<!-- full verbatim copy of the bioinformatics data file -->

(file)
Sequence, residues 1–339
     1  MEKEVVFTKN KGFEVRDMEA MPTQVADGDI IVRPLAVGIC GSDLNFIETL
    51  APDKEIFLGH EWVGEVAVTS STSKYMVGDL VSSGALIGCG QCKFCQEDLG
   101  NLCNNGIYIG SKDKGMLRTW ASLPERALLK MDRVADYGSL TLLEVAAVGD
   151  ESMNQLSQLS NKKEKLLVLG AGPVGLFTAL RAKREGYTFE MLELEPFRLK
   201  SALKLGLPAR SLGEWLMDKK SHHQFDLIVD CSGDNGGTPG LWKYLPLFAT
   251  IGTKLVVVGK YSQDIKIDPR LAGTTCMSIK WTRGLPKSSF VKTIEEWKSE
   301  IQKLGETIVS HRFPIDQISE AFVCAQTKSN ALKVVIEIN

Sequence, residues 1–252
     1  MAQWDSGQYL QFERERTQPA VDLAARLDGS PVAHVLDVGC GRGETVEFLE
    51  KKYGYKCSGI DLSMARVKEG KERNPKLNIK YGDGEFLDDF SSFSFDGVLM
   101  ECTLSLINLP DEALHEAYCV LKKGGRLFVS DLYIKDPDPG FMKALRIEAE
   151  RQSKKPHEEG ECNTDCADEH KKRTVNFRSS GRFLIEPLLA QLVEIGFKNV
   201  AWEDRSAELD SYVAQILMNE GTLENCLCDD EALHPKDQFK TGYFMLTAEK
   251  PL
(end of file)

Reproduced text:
Sequence, residues 1–339
     1  MEKEVVFTKN KGFEVRDMEA MPTQVADGDI IVRPLAVGIC GSDLNFIETL
    51  APDKEIFLGH EWVGEVAVTS STSKYMVGDL VSSGALIGCG QCKFCQEDLG
   101  NLCNNGIYIG SKDKGMLRTW ASLPERALLK MDRVADYGSL TLLEVAAVGD
   151  ESMNQLSQLS NKKEKLLVLG AGPVGLFTAL RAKREGYTFE MLELEPFRLK
   201  SALKLGLPAR SLGEWLMDKK SHHQFDLIVD CSGDNGGTPG LWKYLPLFAT
   251  IGTKLVVVGK YSQDIKIDPR LAGTTCMSIK WTRGLPKSSF VKTIEEWKSE
   301  IQKLGETIVS HRFPIDQISE AFVCAQTKSN ALKVVIEIN

Sequence, residues 1–252
     1  MAQWDSGQYL QFERERTQPA VDLAARLDGS PVAHVLDVGC GRGETVEFLE
    51  KKYGYKCSGI DLSMARVKEG KERNPKLNIK YGDGEFLDDF SSFSFDGVLM
   101  ECTLSLINLP DEALHEAYCV LKKGGRLFVS DLYIKDPDPG FMKALRIEAE
   151  RQSKKPHEEG ECNTDCADEH KKRTVNFRSS GRFLIEPLLA QLVEIGFKNV
   201  AWEDRSAELD SYVAQILMNE GTLENCLCDD EALHPKDQFK TGYFMLTAEK
   251  PL